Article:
Social DataViz: The Point of a Period (Scientific American)

Source: Sole-Smith, Virginia, What Is the Point of a Period?, Scientific American, May 2019,

In an excellent article in Scientific American, Virginia Sole-Smith discusses age-old taboos against menstruation which have led to a lack of research on how women’s cycles work, resulting in serious consequences for their health.

In their quest to bring reproductive freedom to women, scientists figured out how to supplant periods long before they tried to understand why they work the way they do.

Sole-Smith notes in her article, “Menstruation is essential to human reproduction and therefore survival. It is also one of the biological processes that makes us special because humans, chimpanzees, bats and elephant shrews are among the only animals on earth that go through it. The vast majority of mammals signal fertility through estrus, the period when females are ovulating and dis­play their sexual receptivity via genital swelling, behav­ioral changes or pronounced alterations in body odor. The female human body, however, conceals this critical window. Instead our most visible sign of potential fertility is menstrual blood, which, ironically, appears after the fertile period has closed. The endometrial lining of the uterus thickens over the course of a woman’s cycle as her estrogen level rises. If none of the eggs she releases at ovulation joins with a sperm and implants in that lining as a fertilized zygote, then levels of estro­ gen and another hormone called progesterone drop, triggering the uterus to shed the thickened endometri­ um so it can start fresh in the next cycle.”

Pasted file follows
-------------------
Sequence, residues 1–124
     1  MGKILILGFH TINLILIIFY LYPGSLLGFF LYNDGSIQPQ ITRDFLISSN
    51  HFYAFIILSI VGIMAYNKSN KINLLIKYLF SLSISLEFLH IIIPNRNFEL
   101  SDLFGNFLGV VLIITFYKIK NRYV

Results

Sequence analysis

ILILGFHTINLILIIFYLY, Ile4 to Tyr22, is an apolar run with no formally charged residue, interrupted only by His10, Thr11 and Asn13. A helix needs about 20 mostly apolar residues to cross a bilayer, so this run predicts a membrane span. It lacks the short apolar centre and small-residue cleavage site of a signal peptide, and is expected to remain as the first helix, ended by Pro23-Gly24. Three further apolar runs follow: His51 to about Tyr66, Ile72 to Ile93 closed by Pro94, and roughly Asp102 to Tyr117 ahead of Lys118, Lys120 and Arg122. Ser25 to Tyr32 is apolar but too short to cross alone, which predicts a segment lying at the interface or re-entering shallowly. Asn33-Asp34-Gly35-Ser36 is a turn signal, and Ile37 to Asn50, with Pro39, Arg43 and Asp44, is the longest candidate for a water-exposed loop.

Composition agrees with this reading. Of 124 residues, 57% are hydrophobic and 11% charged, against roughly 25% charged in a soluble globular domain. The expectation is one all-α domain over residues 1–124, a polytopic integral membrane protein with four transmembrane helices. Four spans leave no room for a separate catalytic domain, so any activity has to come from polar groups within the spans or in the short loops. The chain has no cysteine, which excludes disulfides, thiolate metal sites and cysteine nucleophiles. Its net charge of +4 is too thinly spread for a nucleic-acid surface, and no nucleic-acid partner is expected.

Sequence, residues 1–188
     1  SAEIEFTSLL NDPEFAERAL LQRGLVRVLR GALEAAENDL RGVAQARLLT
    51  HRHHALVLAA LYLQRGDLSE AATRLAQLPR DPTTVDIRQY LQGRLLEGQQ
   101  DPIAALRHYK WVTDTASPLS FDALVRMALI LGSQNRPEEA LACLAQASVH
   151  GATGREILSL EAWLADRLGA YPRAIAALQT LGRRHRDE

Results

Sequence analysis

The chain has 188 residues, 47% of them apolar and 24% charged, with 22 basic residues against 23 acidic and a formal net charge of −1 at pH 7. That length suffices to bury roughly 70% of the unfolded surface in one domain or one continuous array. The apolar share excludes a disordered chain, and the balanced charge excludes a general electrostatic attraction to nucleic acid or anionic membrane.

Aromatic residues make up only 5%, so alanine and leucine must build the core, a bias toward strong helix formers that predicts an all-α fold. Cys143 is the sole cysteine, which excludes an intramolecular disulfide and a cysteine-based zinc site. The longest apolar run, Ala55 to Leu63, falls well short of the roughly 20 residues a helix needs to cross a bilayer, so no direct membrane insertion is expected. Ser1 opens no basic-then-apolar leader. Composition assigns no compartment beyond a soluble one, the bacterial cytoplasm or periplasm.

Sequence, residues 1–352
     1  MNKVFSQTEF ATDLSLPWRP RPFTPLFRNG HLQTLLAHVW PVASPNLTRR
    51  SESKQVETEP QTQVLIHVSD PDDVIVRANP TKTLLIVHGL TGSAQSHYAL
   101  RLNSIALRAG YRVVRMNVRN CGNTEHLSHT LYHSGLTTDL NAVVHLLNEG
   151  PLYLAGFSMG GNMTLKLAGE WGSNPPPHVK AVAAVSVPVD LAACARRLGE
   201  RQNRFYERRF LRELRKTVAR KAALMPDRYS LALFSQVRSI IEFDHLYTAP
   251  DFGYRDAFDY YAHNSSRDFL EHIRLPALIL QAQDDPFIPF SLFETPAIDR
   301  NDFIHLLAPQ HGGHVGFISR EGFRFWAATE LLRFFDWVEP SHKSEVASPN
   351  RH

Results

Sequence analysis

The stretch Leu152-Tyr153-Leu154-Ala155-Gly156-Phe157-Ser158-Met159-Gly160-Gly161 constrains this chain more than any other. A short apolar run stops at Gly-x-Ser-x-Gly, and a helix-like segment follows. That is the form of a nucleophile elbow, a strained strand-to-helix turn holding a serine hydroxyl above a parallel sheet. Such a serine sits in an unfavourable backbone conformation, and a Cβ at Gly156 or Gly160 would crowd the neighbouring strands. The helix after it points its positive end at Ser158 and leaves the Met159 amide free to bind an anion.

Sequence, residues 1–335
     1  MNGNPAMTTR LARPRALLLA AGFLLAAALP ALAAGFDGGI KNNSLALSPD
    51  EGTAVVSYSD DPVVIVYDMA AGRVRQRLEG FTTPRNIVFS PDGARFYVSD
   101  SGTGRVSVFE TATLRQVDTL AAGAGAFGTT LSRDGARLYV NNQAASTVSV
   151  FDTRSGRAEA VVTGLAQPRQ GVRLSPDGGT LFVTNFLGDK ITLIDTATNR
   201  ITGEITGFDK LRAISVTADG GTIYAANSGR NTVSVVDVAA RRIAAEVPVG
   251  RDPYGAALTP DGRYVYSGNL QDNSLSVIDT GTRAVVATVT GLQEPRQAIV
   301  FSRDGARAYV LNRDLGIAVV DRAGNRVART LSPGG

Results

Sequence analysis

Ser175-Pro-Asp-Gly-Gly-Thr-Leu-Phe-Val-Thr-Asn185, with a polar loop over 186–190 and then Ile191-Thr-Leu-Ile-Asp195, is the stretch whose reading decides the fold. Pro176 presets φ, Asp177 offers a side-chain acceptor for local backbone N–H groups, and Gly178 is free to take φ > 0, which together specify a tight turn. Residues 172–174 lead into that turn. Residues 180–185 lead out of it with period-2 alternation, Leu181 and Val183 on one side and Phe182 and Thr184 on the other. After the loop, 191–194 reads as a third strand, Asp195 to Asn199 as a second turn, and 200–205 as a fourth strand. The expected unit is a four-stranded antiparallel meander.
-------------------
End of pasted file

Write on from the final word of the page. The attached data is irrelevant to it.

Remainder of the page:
I wanted to share one of the data visualizations from her article depicting the menstrual cycle. The dataviz shows time (28 days), thickness of the uterine endometrial lining, concentration of hormones released by the ovaries, the ovulatory cycle, and concentration of hormones that stimulate the ovaries over the 28 day cycle.

Sole-Smith’s article is important because it addresses a topic we tend to avoid in society, how a period has been perceived culturally and historically, the cause and effect of the introduction of birth control, and finally, how men have historically controlled the discussion and funding of research surrounding the menstrual cycle and women’s heath in general.

I highly encourage you to purchase a copy of this issue of Scientific American (May 2019), and read this important article.

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